# 0708-1300/Class notes for Tuesday, March 25

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## Typed Notes

The notes below are by the students and for the students. Hopefully they are useful, but they come with no guarantee of any kind.

### First Hour

Definition

We define the CW chain complex via: $C_n^{CW}(K):=$

and the boundary maps via $\partial:C_n^{CW}\rightarrow C^{CW}_{n-1}$ by $\partial\sigma=\sum_{\tau\in K_{n-1}}[\tau:\sigma]\tau$

where $[\tau:\sigma]$ is roughly the number of times that $\partial\sigma$ covers $\tau$.

Let's make this precise.

For $f_{\sigma}:D_{\sigma}^n\rightarrow K$ (not quite an embedding) this restricts to a map $f_{\partial\sigma}:S_{\sigma}^n\rightarrow K$. Given $\tau\in K_m$ let $p_{\tau}:K^n\rightarrow S^n = B^n\cup\{\infty\}$ such that $int(D^n_{\tau})\mapsto B^n$ and the rest maps to the point $\infty$.

Example:

If you just have the segment consisting of two endpoints and the line connecting them, and call this $\tau$, then $p_{\tau}$ takes the two end points to $\infty$ and the rest (the open interval) gets mapped to B^1. Hence, we get a circle.

We thus can now formally define $[\tau:\sigma]= deg(p_{\tau}\circ f_{\partial\sigma}:S^{n-1}\rightarrow S^{n-1})$

Theorem $(C^{CW}_*,\partial)$ is a chain complex; $\partial^2 = 0$ and $H_*^{CW}(K) = H_*(K)$

Examples:

1) $S^n = \{\infty\}\cup D^n$ for n>1 $f_{\partial\sigma}: S^{n-1}\rightarrow \infty$

Hence $C^{CW}_n = <\sigma>, C^{CW}_0 = <\infty>$ and all the rest are zero. Hence, $H_p(S^n) = \mathbb{Z}$ for p = 0 or n and is zero otherwise.

2) Consider the torus thought of as a square with the usual identifications and $\sigma$ is the interior. Hence, $C^{CW}_0 =\{p\}, C^{CW}_1$ is generated by the figure 8 with one loop labeled a and the other labeled b, and $C^{CW}_2$ is generated by the entire torus.

Ie we get $\mathbb{Z}\rightarrow\mathbb{Z}^2\rightarrow\mathbb{Z}$

Now, $\partial a = [p:a]p$

but $\partial$ a takes the two endpoints of a (both p) and maps them to p. Neither point is mapped to $\infty$. Hence, $deg\partial a:S^0\rightarrow S^0 = 0$

Note: This ought to be checked from the definition of degree but was just stated in class

Now, $[\sigma:a]$ = the degree of the map that takes the square to the figure 8...and hence is $\pm 1\mp 1 = 0$.

Hence the boundary map is zero at all places, so $H_n(\mathbb{T}^2) = \mathbb{Z}$ if n = 0 or 2, $\mathbb{Z}^2$ if n = 1 and is zero otherwise.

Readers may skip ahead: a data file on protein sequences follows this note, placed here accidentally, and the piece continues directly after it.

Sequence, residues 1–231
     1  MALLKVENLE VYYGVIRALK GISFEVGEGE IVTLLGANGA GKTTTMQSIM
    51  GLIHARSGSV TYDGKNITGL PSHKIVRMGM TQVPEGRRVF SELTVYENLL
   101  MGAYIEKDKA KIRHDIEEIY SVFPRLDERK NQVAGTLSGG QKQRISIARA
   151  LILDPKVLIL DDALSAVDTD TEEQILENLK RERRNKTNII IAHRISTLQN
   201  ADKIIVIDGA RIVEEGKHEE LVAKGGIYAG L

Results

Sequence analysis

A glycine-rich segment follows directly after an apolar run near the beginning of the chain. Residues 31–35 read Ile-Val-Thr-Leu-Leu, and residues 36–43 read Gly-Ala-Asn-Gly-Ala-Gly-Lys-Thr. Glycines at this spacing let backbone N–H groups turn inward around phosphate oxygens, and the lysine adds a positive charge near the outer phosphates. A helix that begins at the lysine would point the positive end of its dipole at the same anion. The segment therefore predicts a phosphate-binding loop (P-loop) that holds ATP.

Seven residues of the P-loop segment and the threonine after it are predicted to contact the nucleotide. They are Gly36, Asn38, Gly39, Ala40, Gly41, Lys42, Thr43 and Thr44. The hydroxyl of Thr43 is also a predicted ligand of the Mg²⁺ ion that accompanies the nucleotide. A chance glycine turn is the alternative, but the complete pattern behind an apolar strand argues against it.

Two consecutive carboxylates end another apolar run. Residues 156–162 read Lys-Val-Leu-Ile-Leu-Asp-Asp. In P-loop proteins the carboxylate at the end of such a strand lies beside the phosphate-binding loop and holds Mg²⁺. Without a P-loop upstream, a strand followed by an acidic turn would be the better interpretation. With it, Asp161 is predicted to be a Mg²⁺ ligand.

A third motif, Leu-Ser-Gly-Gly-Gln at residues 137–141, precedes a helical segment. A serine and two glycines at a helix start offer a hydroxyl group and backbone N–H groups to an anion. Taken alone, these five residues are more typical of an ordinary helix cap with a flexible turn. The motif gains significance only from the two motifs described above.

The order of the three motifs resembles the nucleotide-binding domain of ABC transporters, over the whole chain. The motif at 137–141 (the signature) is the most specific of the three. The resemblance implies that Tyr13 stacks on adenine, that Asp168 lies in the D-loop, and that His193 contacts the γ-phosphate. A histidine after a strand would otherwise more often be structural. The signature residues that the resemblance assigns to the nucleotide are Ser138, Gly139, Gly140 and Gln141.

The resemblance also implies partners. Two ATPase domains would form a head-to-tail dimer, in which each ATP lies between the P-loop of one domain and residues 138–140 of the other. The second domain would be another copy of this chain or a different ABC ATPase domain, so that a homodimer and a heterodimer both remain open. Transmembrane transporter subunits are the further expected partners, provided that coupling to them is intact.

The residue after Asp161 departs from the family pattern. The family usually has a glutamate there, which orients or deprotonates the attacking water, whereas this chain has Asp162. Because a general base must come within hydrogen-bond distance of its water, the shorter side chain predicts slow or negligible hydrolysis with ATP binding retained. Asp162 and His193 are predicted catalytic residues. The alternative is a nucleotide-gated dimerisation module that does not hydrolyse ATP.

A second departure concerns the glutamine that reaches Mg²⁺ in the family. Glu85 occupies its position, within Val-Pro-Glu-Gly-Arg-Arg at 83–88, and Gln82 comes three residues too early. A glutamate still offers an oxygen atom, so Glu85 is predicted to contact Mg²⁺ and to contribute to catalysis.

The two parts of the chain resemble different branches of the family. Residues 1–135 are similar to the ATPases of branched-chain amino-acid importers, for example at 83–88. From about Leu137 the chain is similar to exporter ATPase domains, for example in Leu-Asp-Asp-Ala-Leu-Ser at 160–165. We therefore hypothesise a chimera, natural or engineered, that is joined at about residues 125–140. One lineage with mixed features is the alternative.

3) Consider the Klein bottle thought of as a square with the usual identifications. Under $p_b\circ f_{\partial\sigma}$ takes this to a circle with side labled b.

I.e., $<\sigma>\mapsto\mapsto^0

$ $\partial\sigma = [a:\sigma]a+b:\sigma b = 0_a + 2b$

Where the sign may be negative. Or more eloquantly put: "2b or -2b, that is the question"

The kernal of $\rightarrow

$

is everything, so the homology is $H_1(K) = /2b=0\cong\mathbb{Z}\oplus\mathbb{Z}/2$, $H_0(K)=\mathbb{Z}$ and $H_2(K) = 0$.

4) $\Sigma_g$ the "g holed torus" or "surface of genus g" is formed by the normal diagram with edges identified in sets of 4 such as $aba^{-1}b^{-1}$

So, get $<\sigma>\rightarrow^0\rightarrow^0

$

Therefore, $H_p = \mathbb{Z}$ if p = 2 or 0, $\mathbb{Z}^{2g}$ if p = 1 and zero elsewhere.

5) $\mathbb{R}P^n= D^n\cup \mathbb{R}P^{n-1} = D^n\cup D^{n-1}\cup\cdots\cup D^0$

So, $C_*^{CW}(\mathbb{R}P^n) is \rightarrow\rightarrow\cdots\rightarrow $

The boundary map alternates between 0 and 2 where it is 2 for $\rightarrow$ if i is even and 0 if it is odd.

Hence the homology alternates between $\mathbb{Z}/2$ for odd p and 0 for even p.

### Second Hour $\mathbb{C}P^n:\{[z_0,\cdots,z_n]:z_i\in\mathbb{C}\ not\ all\ zero\}=\mathbb{C}^{n+1}/z\sim\alpha z$ for $z\in\mathbb{C}^{n+1}$, $\alpha\in\mathbb{C}-\{0\}$ $\mathbb{C}P^n=\{[z_0,\cdots,z_n]:z_n\neq 0\}\cup\{[\ldots,0]\} = \{[z_0,\cdots,z_{n-1},1]\}\cup\mathbb{C}P^{n-1}$ = $\mathbb{C}^n\cup\mathbb{C}P^{n-1} = \mathbb{R}^{2n}\cup\mathbb{C}P^{n-1} = B^{2n}\cup\mathbb{C}P^{n-1}$

I.e., $\mathbb{C}P^n = D^{2n}\cup D^{2n-1}\cup\cdots$

So, $C^{CW}_*(\mathbb{C}P^n)$ alternates between 0 (for odd p) and $\mathbb{Z}$ for even p and thus as this also as the homology. (and clearly trivial greater than p)